Note that you can do any combination of these three options to suit your needs. Also, note that you can move your existing RRSP’s to a single RRSP.

Anne k February 26, 2011 at 12:16 am

I turn 71 in oct of 2012. I still receive about 40,000 a year in dividend income and also have rrsp savings. Can u suggest a strategy for me.
Thank u

Tax Guy February 27, 2011 at 12:39 pm

I cannot suggest strategies or give advice. However, if you do not need the income, you should wait unit the last minute to convert to a RRIF and then take your RRIF payment at the end of 2012! This will ensure you keep the money in the tax-deferred status for another year.

Also, depending on the size of the RRIF, the annual payments may put you close to the OAS clawback of $66,000. Take a look at the OAS page.

Harjit Deol March 20, 2011 at 12:31 pm

I want to know more about rrsp options wich one is best for me .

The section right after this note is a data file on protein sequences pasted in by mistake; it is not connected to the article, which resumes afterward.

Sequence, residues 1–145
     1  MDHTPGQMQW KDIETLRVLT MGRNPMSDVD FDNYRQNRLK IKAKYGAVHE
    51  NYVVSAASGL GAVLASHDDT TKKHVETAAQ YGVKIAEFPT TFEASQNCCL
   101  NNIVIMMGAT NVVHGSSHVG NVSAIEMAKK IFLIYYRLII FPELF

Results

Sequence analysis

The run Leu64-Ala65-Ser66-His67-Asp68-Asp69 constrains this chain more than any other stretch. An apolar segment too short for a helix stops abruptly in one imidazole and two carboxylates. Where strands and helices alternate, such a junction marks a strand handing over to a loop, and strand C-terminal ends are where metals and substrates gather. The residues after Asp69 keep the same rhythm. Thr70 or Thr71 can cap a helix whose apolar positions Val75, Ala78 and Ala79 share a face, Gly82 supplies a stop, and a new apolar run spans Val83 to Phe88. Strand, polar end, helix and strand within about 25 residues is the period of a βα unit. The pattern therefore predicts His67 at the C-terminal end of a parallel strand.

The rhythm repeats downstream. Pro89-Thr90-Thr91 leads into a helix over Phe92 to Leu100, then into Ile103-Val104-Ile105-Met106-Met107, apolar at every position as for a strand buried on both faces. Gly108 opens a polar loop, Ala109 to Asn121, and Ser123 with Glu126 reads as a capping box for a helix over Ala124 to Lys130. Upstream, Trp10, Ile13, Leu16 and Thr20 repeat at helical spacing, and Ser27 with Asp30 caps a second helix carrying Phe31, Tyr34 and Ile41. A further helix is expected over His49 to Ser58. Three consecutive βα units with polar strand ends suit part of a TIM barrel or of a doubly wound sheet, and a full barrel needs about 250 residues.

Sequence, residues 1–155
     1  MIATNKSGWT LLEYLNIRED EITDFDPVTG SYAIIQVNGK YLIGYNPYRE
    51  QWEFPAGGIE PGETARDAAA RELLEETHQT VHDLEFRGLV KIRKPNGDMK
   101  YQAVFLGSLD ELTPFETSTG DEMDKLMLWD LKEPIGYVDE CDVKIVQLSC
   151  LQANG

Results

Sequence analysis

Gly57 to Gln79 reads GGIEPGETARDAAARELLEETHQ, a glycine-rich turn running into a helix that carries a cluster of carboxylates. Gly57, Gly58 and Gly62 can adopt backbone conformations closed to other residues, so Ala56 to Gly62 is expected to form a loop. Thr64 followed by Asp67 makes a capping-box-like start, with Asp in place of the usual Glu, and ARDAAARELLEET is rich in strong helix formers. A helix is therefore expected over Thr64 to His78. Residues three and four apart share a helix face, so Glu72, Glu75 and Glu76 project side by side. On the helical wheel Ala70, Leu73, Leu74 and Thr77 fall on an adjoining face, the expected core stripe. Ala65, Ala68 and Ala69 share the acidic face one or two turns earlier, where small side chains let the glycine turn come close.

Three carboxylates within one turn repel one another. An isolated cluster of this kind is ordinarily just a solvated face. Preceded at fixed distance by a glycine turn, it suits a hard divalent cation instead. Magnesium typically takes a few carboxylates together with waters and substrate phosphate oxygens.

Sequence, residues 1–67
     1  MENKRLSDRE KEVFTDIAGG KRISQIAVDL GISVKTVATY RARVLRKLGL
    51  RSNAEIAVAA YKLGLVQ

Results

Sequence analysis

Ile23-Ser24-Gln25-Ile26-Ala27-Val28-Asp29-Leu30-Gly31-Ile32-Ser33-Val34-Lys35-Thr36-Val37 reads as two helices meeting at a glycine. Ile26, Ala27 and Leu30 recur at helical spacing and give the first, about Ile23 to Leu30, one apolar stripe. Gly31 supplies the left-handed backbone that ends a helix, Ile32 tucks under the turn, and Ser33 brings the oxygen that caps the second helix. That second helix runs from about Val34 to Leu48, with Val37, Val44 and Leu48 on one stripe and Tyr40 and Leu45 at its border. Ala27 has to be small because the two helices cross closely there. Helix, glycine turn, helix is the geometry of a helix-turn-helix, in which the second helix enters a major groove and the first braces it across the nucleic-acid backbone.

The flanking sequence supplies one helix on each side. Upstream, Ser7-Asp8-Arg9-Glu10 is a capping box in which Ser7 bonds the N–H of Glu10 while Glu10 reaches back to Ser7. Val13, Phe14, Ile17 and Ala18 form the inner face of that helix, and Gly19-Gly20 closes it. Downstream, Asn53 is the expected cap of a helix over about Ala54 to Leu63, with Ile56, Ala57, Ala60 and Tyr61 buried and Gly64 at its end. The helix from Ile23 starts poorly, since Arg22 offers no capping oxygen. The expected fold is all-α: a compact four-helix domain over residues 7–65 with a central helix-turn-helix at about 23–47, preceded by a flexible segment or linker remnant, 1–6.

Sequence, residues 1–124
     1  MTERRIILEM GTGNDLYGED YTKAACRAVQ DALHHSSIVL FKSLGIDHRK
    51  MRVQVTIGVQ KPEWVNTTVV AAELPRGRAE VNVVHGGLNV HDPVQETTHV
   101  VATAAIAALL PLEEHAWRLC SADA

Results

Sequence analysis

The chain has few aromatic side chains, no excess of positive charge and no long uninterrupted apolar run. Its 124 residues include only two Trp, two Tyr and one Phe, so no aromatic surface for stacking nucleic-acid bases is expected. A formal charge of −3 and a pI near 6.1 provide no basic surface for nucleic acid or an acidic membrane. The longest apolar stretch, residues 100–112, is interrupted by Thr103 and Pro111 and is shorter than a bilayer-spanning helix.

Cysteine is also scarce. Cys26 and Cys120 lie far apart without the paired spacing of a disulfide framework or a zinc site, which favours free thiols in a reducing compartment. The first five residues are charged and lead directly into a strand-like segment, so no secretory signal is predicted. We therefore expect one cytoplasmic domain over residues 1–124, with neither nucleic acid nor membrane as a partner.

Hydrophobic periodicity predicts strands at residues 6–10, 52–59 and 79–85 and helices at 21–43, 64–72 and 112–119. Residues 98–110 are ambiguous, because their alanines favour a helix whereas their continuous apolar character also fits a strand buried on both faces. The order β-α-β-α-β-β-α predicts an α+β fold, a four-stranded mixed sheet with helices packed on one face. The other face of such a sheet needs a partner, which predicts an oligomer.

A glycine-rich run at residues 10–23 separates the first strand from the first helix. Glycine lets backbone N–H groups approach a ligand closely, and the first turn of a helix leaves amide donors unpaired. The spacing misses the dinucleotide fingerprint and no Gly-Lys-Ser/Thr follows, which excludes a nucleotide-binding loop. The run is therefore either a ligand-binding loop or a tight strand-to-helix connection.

Theresa August 15, 2012 at 10:38 pm

I turned 71 this year. Can I still make a contribution to my RRSP for the year 2013. I do not need the income from a RRIF as I still will continue to work and earn an income. What should I do at the end of the year when I have to convert my RRSP’s of approximately $550,000 to get the best tax advantage and should the money be invested in guaranteed investments at that time?

Burlington Accountant August 16, 2012 at 5:03 pm

Hi Theresa,

Great question and one that I’m sure many others want to understand as well.

Since you are 71, you can only make an RRSP until December 31st of this year (2012). You will not be able to make a contribution in 2013 because you cannot have an RRSP.

If you will have earned income this year, you can over contribute to your RRSP in December. You will pay the penalty tax of 1% for one month only. In January, your new RRSP limit will cover the over contribution.

However, as of December 31st you are required to convert your RRSP to a RRIF and I would say that you wait until the end of the year. Although you no not need the income, it will be added to you as of 2013. You could put any excess into a TFSA.

In terms of investments, you can keep what you are comfortable with. It’s difficult for me to comment on suitability without knowing your complete picture. You may want to fund an investment advisor or use my financial planning services.

moh September 23, 2012 at 1:44 pm